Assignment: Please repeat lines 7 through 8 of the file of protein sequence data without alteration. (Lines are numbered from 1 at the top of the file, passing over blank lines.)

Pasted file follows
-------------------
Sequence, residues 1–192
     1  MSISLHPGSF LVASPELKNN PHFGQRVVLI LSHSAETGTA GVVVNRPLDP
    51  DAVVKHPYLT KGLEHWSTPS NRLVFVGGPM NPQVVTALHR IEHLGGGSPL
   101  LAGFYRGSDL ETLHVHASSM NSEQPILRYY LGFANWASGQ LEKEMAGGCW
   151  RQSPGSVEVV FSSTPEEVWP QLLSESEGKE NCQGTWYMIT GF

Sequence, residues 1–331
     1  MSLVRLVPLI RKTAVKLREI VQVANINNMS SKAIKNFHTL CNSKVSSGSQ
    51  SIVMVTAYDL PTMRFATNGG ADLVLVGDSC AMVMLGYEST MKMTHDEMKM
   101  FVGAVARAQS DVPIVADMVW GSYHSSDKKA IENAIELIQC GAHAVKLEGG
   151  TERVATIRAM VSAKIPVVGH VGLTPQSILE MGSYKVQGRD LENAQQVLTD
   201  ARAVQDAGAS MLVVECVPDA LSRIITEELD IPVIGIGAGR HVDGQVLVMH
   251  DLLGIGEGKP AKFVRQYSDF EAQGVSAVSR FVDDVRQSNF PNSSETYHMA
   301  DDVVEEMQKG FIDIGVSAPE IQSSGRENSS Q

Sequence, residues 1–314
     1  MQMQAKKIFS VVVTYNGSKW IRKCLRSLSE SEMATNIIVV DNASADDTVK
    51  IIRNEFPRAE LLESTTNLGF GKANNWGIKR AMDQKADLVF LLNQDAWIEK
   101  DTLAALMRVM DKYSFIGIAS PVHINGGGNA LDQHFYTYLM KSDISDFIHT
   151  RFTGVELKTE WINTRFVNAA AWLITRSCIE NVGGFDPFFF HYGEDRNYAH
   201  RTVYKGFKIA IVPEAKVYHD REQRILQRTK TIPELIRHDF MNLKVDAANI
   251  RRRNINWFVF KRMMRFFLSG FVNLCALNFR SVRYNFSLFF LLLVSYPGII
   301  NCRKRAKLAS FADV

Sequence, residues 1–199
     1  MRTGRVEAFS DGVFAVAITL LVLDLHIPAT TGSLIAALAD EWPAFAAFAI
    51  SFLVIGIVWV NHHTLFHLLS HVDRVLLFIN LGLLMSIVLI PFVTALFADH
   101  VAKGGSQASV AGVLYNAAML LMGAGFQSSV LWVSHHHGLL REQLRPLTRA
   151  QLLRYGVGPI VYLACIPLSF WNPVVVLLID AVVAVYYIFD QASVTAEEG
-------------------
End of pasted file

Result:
     1  MSLVRLVPLI RKTAVKLREI VQVANINNMS SKAIKNFHTL CNSKVSSGSQ
    51  SIVMVTAYDL PTMRFATNGG ADLVLVGDSC AMVMLGYEST MKMTHDEMKM